Actually, I don’t think I’ve ever tasted either, and while I have tasted liver I hated it.
All of which is irrelevant, as the clued in among you will have inferred from the subject header that I’m going to write about the three Hannibal Lecter movies I watched over the course of the weekend just gone.
Red Dragon (2002)
The last made, but first in the sequence. Edward Norton plays Will Graham, an FBI profiler who has a unique ability to get inside the minds of the monsters he hunts down. After nearly dying at the hands of Hannibal ‘the Cannibal’ Lecter, Graham retires, but is guilt tripped back by boss Jack Crawford (Harvey Keitel), who desperately needs his help in catching new killer on the block ‘the Tooth Fairy’, a monster who slaughters families in their homes. Only to succeed, Graham must once again confront his nemesis Lecter, who is all too ready to play mind games that place Graham and his family in peril. Directed by Brett Ratner, this is a beautifully constructed thriller, with fine performances from all the cast, especially Anthony Hopkins as the arrogant but beguiling Lecter and Ralph Fiennes in fine form as Francis ‘Tooth Fairy’ Dolarhyde. Repellent as his actions are, Dolarhyde is more sympathetic than Lecter in that he, at least, has the excuse of an easily recognisable psychosis and struggles against his impulses when the love of a good woman is put in his path. Contrarily, the disdainful and ‘superior’ Lecter seems completely devoid of any human emotion, a cold and remorseless killer who is beyond love or pity. He is a highly cultured and intelligent man, but these qualities do not give him any empathy or compassion, they only feed his amorality. For the viewer, Lecter is of interest precisely because of this; he is the antithesis and apotheosis of the serial killer, our nightmares elevated and made flesh, in stark contrast to the very ordinary killers we read of in our newspapers, who are far from superhuman. And this fascination is touched on in the film through the character of tabloid journalist Lounds (Philip Seymour Hoffman), who feeds the public’s appetite for sensationalism, only to have the search for a story end badly, and perhaps in his fate there is a warning for us too.
The Silence of the Lambs (1991)
Jonathan Demme’s film of the Thomas Harris novel is a master class in thriller making, with the Oscars to prove it. The scenario is similar to that of Red Dragon, with new killer ‘Buffalo Bill’ wreaking havoc and rookie FBI agent Clarice Starling (Jodie Foster) sent to solicit help from Hannibal. Everyone is being manipulated. Starling’s superiors use her to get to Hannibal, while Hannibal stage manages events to effect his own escape. We move from one moment of tension to the next effortlessly, the film a smooth running machine, one that operates with such verve that you never question aspects of the plot, even when it descends into the ludicrous, as with Hannibal’s escape. Hopkins’ performance is riveting, the traits of Lecter clearly delineated, all the qualities that I mentioned above, his presence almost mesmeric from our first meeting with the character, but Foster matches Hopkins every step of the way, beauty to his beast, martyr to his monster, but never the victim, never that even when she is victimised. And at the heart of the narrative is a love story of sorts, the protagonists moving from mutual contempt to a grudging respect for each other. Lecter has finally found a person he doesn’t want to kill, and part of that is her unswerving devotion to justice and determination to capture him, regardless of the personal danger. There’s also a feminist subtext, with Starling having to fight for her place in a world that is dominated by men, having to struggle to be treated on an equal footing.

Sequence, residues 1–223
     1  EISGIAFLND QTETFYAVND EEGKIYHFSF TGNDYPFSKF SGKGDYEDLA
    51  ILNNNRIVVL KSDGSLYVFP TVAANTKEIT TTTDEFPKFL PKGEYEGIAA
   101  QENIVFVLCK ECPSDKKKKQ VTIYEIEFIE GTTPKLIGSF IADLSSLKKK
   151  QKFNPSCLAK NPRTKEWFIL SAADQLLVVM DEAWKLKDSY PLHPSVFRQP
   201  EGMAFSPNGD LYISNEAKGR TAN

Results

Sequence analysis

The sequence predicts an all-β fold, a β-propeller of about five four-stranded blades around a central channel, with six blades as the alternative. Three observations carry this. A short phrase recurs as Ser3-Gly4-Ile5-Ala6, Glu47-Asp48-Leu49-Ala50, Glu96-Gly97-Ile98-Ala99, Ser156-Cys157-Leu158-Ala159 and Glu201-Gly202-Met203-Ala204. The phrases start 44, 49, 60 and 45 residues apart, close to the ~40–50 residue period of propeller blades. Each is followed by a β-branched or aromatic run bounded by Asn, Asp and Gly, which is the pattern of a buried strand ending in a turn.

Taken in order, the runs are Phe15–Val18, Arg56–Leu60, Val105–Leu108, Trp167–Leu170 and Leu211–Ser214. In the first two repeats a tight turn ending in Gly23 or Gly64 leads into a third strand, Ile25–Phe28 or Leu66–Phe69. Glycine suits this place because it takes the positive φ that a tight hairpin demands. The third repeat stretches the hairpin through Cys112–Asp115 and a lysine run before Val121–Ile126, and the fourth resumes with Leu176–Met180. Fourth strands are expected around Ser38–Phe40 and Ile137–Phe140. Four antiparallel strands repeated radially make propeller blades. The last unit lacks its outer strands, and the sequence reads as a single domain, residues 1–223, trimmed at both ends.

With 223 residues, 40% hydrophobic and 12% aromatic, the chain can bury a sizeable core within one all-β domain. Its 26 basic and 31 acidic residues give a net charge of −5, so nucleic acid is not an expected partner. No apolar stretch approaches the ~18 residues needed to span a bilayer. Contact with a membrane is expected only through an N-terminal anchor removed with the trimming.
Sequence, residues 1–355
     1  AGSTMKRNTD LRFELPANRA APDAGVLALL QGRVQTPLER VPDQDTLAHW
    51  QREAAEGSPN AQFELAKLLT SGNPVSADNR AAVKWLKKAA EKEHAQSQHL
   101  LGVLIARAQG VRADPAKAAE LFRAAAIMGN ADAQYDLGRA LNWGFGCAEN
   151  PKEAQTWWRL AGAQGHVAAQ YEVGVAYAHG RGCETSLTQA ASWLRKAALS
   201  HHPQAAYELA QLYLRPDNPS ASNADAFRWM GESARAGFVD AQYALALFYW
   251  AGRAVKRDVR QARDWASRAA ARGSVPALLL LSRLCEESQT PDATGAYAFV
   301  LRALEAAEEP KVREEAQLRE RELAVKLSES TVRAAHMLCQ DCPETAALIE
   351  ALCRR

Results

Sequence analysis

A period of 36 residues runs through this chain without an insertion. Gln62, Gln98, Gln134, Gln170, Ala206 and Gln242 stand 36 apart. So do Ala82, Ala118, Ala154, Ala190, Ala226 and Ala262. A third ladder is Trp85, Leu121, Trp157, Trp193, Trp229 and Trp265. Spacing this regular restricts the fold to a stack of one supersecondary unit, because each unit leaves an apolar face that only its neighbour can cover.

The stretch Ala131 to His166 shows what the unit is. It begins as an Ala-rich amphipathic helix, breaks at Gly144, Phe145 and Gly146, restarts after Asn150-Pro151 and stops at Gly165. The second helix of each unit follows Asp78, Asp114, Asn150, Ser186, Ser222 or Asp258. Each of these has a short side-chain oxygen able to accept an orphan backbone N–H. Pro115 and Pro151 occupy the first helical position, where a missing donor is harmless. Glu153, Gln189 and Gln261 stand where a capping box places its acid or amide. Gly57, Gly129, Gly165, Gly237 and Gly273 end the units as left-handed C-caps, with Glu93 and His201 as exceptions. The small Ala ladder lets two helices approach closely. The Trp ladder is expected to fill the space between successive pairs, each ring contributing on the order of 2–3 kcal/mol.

Directed by Ridley Scott, this is the film which sees Hannibal at large, out in the world and no longer using proxies, and yet in a way his menace seems somewhat diluted as a result. Instead of the evil genius who manipulates everyone else, he becomes just another implacable monster, enacting atrocities with all the gusto of a Jason or Michael, only with a larger vocabulary. As the title implies, Lecter is the ‘anti-hero’ of the film, and to make this work he must face even worse enemies – an Italian police detective who wants a reward, a hideously deformed billionaire who has sworn vengeance (an unrecognisable but chilling Gary Oldman). Lecter’s fascination with Starling continues, and is seen by others as an Achilles heel, a way to bring him out into the open. To this end, Starling (played by a feisty Julianne Moore) must have her career with the FBI plunged into ruin, and be cast loose by the organisation she wishes to serve. Lecter and Starling become allies against a common enemy, but at the end of the movie she is the one who stays true to her nature and values, even though betrayed, while it is Lecter, in an uncharacteristic and no doubt quixotic act of self-sacrifice, who concedes defeat of a kind. All of which sets the stage for a chilling codicil.
Following on from last month’s Books Read in 1983.
The numbers continue to rise, with 127 books read this year, and I initially adopted a theme approach, with classics read in January, SF in February, literary fiction in March, Roman history in April, but that fell by the wayside in the second half of the year.